Guest post by Marion Sherwood
The Tennyson women were Alfred Tennyson’s forebears – the poet’s paternal grandmother, Mary Tennyson (1753-1825), her daughters Elizabeth Russell (1776-1865) and Mary Bourne (1777-1864), and her daughter-in-law Frances Tennyson, later Tennyson d’Eyncourt (1787-1878). The women were an inseparable and influential part of the poet’s early life until he left Lincolnshire for Cambridge aged eighteen.
The women were prolific and engaging correspondents and their letters, preserved in archives in Lincoln and for the most part unpublished, cast a unique light on the Tennyson family’s interrelationships and the times in which they lived.
The book includes extensive and annotated extracts from the women’s letters, linked by narrative passages providing context and continuity. Illuminating case studies span six decades, from Mary Turner and George Tennyson’s marriage in 1775 to George’s death in 1835. Brief afterwords provide new insight into the women’s final years.
Mary’s letters record the details of the family’s daily domestic lives. They also reflect the progress of her long, eventually happy marriage, as the self-absorbed young bride becomes a woman whose maturity and faith allow her to acknowledge her family as ‘my treasure on earth’. When Mary died, sixteen-year-old Alfred wrote an elegy for ‘Grandmamma Tennyson’. The poem, her children’s grief and George’s awareness of his ‘great & irreparable loss’ counter the claim that by 1801 Mary ‘had ceased to count for very much in the family’.
Elizabeth was Mary and George’s much-loved elder daughter. Married to the wealthy Matthew Russell, she became the poet’s favourite aunt. Biographers refer to the ‘charm’ which is clearly apparent in her later letters, but Elizabeth’s wit had a sharp edge and her recurring depression was an inherited element of the Tennyson ‘black blood’. When Matthew died, Elizabeth began a Chancery Court case to challenge his executors, family members who included her brother Charles. Despite the litigation, of which biographers appear unaware, Elizabeth remained close to Charles. Her support for Alfred and their mutual affection lasted until her death.
Mary was the Tennysons’ less-favoured younger daughter. After her marriage, Mary and John Bourne’s Dalby Hall became ‘the second home of their childhood’ for Alfred and his Somersby siblings. Despite the evidence of letters, biographers have continued to caricature Mary as ‘a crazy Calvinist’. Her mother’s letters refute the view that she was a difficult child; young Mary’s own words reflect her sociability and wit. Her later letters reveal Mary to be a compassionate woman of profound faith, with a love of language and a biblical turn of phrase biographers may have misunderstood.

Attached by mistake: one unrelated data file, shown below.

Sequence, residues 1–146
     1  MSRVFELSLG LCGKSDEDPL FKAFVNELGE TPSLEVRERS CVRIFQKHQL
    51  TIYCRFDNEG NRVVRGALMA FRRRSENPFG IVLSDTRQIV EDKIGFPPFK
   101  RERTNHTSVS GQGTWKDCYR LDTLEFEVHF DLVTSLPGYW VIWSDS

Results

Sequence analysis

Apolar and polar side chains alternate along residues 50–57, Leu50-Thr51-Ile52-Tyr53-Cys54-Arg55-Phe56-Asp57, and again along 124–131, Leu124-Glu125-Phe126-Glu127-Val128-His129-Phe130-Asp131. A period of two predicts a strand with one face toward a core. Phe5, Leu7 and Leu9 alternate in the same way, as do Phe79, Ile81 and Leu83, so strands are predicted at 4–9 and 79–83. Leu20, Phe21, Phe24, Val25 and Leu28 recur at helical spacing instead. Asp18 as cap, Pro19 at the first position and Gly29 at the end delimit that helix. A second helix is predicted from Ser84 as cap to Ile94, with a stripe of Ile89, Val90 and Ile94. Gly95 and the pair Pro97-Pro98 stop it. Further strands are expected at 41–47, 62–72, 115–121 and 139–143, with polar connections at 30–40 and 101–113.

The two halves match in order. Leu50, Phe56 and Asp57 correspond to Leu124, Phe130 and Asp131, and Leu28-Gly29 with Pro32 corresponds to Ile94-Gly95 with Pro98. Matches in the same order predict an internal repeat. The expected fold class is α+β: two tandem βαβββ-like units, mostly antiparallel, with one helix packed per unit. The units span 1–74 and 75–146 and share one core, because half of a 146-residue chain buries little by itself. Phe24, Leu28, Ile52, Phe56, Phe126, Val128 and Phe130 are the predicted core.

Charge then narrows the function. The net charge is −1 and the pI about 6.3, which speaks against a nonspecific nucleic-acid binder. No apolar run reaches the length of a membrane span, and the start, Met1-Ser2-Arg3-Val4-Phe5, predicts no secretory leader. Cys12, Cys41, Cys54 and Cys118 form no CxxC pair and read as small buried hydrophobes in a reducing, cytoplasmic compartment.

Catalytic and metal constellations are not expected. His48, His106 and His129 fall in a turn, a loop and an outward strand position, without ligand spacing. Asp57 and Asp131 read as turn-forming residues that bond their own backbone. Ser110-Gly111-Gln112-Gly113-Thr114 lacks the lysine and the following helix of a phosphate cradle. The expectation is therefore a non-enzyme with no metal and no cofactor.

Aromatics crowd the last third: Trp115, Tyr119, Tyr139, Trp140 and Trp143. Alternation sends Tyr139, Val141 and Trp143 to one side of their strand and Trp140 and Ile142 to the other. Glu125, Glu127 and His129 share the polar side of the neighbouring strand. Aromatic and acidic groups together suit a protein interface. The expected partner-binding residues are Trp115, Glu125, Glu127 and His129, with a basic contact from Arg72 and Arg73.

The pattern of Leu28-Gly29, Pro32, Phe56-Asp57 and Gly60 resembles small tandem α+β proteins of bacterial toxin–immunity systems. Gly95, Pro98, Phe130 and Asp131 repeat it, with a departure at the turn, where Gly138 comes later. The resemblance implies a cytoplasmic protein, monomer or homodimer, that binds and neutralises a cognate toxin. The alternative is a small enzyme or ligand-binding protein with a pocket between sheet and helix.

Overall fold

Frances, née Hutton, married Mary and George’s favourite son, Charles. Biographers dismiss Frances as ‘without any great intelligence’, but letters reveal her growing confidence and ability to manage a large and wealthy political household. Frances was a Tennyson woman by marriage, not birth, able to view family relationships in a new light. She retained her impartial perspective; when her father-in-law died, she defended Alfred’s attitude to George’s contentious will and the perceived disinheritance of the Somersby Tennysons.
Hallam Tennyson, Alfred Lord Tennyson: A Memoir, By His Son, 2 vols (London: Macmillan, 1897)
Charles Tennyson and Hope Dyson, The Tennysons: Background to Genius (London: Macmillan, 1974)
Jack Kolb, ed., The Letters of Arthur Henry Hallam (Columbus: Ohio State University Press, 1981)
Robert Bernard Martin, Tennyson: The Unquiet Heart, 2nd edn (London: Faber & Faber, 1983)
Peter Levi, Tennyson (New York: Scribner, 1993)
John Batchelor, Tennyson: To Strive, To Seek, To Find (London: Chatto & Windus, 2012)
Marion Sherwood, author of Letters and Lives of the Tennyson Women, is an independent scholar based in the UK. She completed a PhD on Tennyson with the Open University in 2011 and is the author of Tennyson and the Fabrication of Englishness. She has also published articles in the Tennyson Research Bulletin and is a member of the Tennyson Society Executive Committee.